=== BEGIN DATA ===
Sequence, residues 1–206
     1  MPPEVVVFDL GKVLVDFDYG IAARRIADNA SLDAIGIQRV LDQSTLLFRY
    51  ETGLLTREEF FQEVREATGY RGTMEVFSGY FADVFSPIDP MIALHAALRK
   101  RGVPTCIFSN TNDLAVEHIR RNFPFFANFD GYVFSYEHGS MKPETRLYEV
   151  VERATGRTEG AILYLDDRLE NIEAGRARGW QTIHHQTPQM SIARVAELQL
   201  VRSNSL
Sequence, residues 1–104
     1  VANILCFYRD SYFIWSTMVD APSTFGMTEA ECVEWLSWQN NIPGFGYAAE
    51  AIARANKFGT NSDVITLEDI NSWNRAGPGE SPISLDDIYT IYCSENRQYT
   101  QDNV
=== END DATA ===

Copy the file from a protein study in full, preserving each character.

Sequence, residues 1–206
     1  MPPEVVVFDL GKVLVDFDYG IAARRIADNA SLDAIGIQRV LDQSTLLFRY
    51  ETGLLTREEF FQEVREATGY RGTMEVFSGY FADVFSPIDP MIALHAALRK
   101  RGVPTCIFSN TNDLAVEHIR RNFPFFANFD GYVFSYEHGS MKPETRLYEV
   151  VERATGRTEG AILYLDDRLE NIEAGRARGW QTIHHQTPQM SIARVAELQL
   201  VRSNSL
Sequence, residues 1–104
     1  VANILCFYRD SYFIWSTMVD APSTFGMTEA ECVEWLSWQN NIPGFGYAAE
    51  AIARANKFGT NSDVITLEDI NSWNRAGPGE SPISLDDIYT IYCSENRQYT
   101  QDNV